Sufi Snaps: Fleeting (A photo and a story)

by Ali Hammad



The eatery was bustling with customers of many nationalities. The wait to a table that morning was five minutes. I got a corner table for two at the back. I took the seat facing the hall and kept the other for my friend. He had said he would meet me there when done with his morning rounds.

The redeye from O’Hare to Heathrow had sapped me. “Just some Earl Grey tea for now, please. I’ll order breakfast when my friend arrives,” I said to the waitress, loudly, to be heard over the ambient noise, and leaned back in the chair.

I nodded off for no more than a fleeting second. As soon as my head fell back, I jerked awake.

The scene had changed. The café had fallen silent. There were no customers or attendants. All tables were now vacant. The only other occupant of the room was a gray-haired woman sitting catercorner from me, by the floor-to-ceiling glass window. She was bent over a book. Outside, the always-busy London thoroughfare was devoid of all vehicular traffic. I could see some humanoid silhouettes, but they seemed frozen. The scene was also drained of all color: now reminiscent of a daguerreotype.

I pinched my arm, then bit my wrist. It hurt. I was not dreaming. It was real.

I decided to walk over to the woman. As I approached her, some color seeped into the scene, a little red, a little gold—sepia, I’d say. “Ahem,” I cleared my throat, as I got closer to her. She remained oblivious, lost in her book.

“Excuse me,” I said, “Do you know what happened here?”

She lifted her eyes, a transfixing gaze. The room brightened, a little more gold thrown into the tint. “What happened here?” she repeated my question.

“I mean, where did everyone go?” I said.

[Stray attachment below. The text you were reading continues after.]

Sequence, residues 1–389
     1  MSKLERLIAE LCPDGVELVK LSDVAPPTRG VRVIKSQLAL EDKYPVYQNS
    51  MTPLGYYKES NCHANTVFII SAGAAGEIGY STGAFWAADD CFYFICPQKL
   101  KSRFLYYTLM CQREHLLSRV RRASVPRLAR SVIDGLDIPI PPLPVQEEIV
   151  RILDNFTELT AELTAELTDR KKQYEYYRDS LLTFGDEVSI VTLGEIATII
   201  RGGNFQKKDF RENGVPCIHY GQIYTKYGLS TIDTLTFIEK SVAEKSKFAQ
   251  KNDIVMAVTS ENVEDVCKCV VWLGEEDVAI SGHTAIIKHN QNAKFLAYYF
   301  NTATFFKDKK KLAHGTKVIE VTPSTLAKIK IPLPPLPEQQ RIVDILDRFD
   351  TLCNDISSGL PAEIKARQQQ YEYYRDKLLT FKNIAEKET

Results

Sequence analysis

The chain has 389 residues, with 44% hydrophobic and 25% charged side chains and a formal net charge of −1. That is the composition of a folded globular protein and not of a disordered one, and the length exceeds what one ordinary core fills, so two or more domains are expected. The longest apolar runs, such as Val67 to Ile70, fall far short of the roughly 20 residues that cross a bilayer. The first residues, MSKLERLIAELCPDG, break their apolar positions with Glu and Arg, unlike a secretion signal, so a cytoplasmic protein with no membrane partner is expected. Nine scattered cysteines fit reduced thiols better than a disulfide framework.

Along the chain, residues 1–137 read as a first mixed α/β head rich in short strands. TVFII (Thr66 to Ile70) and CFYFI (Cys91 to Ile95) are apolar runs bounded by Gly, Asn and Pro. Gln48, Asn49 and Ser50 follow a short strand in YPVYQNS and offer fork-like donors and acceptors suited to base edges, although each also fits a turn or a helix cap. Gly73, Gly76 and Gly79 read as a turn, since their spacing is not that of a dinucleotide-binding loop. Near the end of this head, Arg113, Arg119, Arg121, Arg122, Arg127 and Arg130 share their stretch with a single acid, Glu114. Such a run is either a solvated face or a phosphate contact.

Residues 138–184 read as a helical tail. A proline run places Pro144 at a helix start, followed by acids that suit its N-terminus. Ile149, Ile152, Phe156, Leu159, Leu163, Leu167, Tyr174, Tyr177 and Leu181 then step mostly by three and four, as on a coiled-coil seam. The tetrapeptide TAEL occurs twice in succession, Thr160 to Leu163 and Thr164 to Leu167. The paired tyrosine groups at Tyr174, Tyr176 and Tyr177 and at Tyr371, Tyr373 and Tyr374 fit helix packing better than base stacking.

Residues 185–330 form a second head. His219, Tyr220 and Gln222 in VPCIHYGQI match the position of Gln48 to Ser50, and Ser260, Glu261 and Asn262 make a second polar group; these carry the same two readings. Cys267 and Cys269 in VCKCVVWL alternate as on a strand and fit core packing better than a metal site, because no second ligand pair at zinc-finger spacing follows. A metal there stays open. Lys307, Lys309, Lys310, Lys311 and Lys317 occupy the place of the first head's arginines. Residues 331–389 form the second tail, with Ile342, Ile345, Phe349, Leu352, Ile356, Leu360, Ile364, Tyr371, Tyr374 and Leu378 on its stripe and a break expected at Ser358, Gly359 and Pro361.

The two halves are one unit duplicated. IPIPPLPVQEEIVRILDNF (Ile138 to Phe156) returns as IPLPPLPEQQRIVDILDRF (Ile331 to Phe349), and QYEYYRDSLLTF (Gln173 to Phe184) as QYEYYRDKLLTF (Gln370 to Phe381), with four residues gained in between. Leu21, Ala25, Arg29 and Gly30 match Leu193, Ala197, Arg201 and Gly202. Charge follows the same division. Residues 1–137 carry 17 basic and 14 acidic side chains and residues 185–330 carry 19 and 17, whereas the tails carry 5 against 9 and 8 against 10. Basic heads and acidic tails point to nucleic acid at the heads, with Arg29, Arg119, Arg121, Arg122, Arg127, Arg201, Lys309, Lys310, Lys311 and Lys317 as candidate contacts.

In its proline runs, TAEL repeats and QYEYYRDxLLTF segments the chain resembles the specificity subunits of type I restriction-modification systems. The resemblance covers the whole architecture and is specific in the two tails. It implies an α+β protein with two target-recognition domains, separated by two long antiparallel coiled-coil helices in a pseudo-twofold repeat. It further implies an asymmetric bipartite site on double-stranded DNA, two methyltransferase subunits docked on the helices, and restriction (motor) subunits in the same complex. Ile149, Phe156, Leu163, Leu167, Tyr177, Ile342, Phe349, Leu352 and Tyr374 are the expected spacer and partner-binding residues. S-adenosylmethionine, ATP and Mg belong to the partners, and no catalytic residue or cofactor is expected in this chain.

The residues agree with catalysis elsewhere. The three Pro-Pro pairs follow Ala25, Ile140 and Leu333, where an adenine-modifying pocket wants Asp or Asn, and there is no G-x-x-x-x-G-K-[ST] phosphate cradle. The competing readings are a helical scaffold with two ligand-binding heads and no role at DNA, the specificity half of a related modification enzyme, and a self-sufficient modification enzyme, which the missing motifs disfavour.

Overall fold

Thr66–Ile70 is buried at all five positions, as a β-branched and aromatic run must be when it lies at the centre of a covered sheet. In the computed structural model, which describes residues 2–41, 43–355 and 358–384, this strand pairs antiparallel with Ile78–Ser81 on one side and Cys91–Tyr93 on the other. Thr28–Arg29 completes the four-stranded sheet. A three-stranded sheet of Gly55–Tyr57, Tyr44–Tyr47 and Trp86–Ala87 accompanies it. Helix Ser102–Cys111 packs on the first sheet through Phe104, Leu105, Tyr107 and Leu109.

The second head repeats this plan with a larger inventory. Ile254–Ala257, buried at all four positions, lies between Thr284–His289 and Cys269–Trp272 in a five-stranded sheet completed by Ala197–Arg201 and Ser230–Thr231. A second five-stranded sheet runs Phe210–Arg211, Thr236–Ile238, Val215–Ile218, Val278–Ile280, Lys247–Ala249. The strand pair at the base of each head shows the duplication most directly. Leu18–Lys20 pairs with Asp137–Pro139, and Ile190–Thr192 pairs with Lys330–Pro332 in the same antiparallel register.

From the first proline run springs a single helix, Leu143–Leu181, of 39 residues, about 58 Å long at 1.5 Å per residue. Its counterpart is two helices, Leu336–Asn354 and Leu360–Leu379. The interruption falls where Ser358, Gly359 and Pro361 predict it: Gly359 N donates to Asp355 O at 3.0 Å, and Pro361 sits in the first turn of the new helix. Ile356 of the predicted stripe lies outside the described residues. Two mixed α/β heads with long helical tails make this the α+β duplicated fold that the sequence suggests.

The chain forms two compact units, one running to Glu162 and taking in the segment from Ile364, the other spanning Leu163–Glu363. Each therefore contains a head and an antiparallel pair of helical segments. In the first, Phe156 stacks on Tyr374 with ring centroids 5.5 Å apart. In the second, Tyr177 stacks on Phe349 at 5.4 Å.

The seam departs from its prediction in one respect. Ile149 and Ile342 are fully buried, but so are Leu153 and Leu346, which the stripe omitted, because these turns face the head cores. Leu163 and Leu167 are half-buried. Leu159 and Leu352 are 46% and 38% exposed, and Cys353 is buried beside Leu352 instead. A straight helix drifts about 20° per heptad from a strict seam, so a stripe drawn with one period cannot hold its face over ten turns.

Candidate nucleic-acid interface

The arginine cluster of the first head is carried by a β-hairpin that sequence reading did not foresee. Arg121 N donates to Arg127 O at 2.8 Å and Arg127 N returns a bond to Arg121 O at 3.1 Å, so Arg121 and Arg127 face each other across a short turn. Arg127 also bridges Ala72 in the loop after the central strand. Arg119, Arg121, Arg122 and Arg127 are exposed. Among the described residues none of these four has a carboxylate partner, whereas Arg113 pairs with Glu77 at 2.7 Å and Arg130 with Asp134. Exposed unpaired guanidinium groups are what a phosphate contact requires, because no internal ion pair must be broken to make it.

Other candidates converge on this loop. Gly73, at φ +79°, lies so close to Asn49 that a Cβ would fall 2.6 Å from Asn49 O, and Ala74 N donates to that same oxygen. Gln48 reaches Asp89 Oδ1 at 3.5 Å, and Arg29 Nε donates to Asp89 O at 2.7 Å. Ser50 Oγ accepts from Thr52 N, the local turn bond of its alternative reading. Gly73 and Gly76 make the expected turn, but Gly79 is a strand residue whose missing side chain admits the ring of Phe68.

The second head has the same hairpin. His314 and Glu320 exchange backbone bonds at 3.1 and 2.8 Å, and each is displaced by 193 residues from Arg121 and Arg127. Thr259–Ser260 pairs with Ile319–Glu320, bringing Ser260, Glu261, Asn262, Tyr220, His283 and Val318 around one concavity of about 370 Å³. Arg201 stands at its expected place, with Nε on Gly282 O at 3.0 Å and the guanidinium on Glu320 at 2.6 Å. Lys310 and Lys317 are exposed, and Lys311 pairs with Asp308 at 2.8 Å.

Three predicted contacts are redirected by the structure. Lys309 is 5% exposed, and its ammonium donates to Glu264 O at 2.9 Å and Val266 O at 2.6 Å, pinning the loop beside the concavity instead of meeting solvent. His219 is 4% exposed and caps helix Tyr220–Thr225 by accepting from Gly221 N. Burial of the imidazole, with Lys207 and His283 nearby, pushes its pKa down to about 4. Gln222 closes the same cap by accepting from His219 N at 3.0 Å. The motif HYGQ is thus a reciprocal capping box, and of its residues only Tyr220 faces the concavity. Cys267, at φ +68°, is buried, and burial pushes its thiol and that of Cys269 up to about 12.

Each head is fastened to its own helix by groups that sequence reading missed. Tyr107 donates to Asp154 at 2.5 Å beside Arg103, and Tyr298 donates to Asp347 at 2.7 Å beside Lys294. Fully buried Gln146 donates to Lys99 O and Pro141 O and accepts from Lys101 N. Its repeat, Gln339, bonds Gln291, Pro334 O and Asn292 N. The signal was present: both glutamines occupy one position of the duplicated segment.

“There never was anyone here but you and me,” she said.

“There were many people here,” I insisted. “The hall was packed a moment ago and noisy as an oriental bazaar.”

“Perhaps you dozed off, and the people you describe were in your dream.”

“I didn’t dream that. It was real, as real as we are.”

She shrugged her shoulders.

Until then I had only been puzzled. Now I began to panic. Then I thought I saw her smile—a tiny, fleeting smile—lips in steep pink, like a photoshopped image. “Fine, go back to the dream you came from,” I heard her say.

I stumbled back to my table, perplexed and scared. As I sat down, I shut my eyes for a moment to contemplate my next move.

When I opened my eyes, the people were back, along with all the color and the cacophony of a cosmopolis. I looked catercorner from where I was. The lady was gone, but the afterimage of a pink smile lingered where now sat some Eastern Europeans laughing over a joke. Then I saw my friend enter.

I pinched my arm, then bit my wrist. It hurt. I was not dreaming. It was real.

Photo and story by Ali Hammad

This entry was posted in Ali Hammad, Original Fiction, Original Photography and tagged , , , , , , , , . Bookmark the permalink.

9 Responses to Sufi Snaps: Fleeting (A photo and a story)

  1. Wow! Excellent story, and perfect for the theme.

  2. Ali, I so enjoyed that.

  3. viveka says:

    Love the photo … love the story.

  4. Pingback: A Sufi Thought for the Week (Zhuangzi) | Sufi Ways

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